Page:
Robotic DEKA Arm prosthetic approved for sale by FDA

Dubbed “Luke,” the device may revolutionize quality of life for amputees

The DEKA Arm prosthetic device, which interprets electrical signals from muscle contractions to mimic the actions of a real arm, has been approved for sale in the United States.

The Food and Drug Administration (FDA) announced the news on Friday, noting that the DEKA Arm had gone from an idea to functional product in less than eight years. It comes from DEKA Research and Development Corp, a New Hampshire-based company founded by Segway inventor Dean Kamen.

Many amputees still use a metal hook attachment to help them perform everyday tasks, but the DEKA Arm represents an incredible leap forward. It’s the first to perform multiple simultaneous actions based on signals from the connected tissue, and it can relay information about strength back to the wearer—allowing him or her to, say, pick up a small grape without accidentally crushing it.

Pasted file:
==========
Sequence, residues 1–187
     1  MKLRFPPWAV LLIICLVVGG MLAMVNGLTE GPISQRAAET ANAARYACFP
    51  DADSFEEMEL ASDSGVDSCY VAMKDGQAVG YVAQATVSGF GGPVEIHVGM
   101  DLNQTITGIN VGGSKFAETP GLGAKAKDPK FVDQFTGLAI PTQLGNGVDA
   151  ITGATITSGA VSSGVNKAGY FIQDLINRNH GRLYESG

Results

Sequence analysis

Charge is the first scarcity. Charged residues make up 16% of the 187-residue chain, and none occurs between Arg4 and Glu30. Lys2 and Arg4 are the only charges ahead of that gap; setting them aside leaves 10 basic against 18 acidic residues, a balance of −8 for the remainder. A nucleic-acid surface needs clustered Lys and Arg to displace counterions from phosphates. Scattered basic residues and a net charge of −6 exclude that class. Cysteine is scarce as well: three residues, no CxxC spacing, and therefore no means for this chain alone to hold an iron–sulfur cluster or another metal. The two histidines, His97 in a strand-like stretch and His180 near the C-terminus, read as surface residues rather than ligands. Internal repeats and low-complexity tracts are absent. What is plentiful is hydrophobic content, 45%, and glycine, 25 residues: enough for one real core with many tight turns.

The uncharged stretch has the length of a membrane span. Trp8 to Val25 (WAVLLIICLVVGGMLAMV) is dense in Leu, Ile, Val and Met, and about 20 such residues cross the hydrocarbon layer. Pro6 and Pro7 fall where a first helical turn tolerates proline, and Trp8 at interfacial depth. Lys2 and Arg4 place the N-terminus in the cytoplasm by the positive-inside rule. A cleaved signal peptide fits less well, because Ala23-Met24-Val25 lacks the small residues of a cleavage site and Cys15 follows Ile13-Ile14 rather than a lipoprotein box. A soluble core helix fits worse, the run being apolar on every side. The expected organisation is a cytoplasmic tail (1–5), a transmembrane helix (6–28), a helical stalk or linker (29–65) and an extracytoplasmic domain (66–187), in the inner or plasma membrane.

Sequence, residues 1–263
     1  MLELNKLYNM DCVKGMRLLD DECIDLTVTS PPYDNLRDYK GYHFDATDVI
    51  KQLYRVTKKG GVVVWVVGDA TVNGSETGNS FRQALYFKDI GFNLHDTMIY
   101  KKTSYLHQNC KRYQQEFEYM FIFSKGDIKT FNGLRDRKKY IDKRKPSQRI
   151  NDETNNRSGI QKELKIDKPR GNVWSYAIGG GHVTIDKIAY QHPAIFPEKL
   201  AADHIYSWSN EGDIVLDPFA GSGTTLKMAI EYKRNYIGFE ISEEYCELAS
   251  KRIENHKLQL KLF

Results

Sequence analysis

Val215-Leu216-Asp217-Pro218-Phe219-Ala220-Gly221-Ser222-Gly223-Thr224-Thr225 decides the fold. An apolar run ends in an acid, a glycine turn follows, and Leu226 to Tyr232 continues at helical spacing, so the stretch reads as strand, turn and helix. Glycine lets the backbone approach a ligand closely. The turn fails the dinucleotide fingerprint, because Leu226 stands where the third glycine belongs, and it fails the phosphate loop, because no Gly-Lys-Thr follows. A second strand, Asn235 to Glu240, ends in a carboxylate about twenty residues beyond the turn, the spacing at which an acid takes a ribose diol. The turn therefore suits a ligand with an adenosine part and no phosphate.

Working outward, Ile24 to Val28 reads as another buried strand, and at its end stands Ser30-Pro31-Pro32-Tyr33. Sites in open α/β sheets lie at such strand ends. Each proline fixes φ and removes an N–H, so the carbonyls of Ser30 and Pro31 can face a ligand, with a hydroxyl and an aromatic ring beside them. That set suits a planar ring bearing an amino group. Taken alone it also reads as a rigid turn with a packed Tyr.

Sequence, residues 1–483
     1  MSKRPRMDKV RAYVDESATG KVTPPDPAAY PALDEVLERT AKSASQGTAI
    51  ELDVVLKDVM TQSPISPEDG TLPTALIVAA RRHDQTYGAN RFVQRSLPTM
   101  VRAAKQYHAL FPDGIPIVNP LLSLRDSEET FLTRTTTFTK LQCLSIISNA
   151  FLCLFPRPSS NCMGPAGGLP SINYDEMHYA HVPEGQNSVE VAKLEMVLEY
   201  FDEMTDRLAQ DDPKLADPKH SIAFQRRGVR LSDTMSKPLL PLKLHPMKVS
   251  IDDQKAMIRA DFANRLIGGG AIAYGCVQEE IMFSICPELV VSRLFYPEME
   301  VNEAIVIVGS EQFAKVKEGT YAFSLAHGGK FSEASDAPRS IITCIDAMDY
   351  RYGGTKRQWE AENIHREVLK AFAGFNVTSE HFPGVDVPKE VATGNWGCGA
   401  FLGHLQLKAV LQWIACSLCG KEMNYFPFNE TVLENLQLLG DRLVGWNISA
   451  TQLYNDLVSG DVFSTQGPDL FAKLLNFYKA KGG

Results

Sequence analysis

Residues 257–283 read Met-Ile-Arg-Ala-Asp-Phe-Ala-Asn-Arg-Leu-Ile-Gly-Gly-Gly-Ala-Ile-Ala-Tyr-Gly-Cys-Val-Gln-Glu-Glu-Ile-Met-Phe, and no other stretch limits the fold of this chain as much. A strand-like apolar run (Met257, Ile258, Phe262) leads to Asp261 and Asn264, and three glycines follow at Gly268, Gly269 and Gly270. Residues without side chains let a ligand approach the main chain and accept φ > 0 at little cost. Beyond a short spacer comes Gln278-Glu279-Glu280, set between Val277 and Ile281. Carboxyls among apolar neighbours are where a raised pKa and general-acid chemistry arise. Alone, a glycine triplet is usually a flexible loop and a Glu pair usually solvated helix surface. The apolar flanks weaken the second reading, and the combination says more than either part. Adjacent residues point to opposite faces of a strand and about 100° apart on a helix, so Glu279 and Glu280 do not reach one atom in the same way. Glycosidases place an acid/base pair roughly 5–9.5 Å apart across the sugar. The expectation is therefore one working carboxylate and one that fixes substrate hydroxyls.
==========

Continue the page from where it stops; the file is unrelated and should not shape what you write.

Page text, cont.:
The project has been heavily funded by the U.S. Pentagon’s Defense Advanced Research Projects Agency (DARPA), which poured more than US$40 million into it. According to the FDA, about 90% of those studied wearing the arm were able to perform more complex tasks than with a hook attachment, such as using zippers or combing their hair.

The DEKA Arm is affectionately referred to as “Luke,” based on a certain iconic moment from The Empire Strikes Back, which is one of the best Star Wars references we’ve ever heard. With FDA approval, the DEKA Arm can now be manufactured and sold commercially, though there’s no word yet on how quickly it will become available to those who may benefit from its advancements.

[Sources: FDA, DARPA, and Reuters via The Verge]

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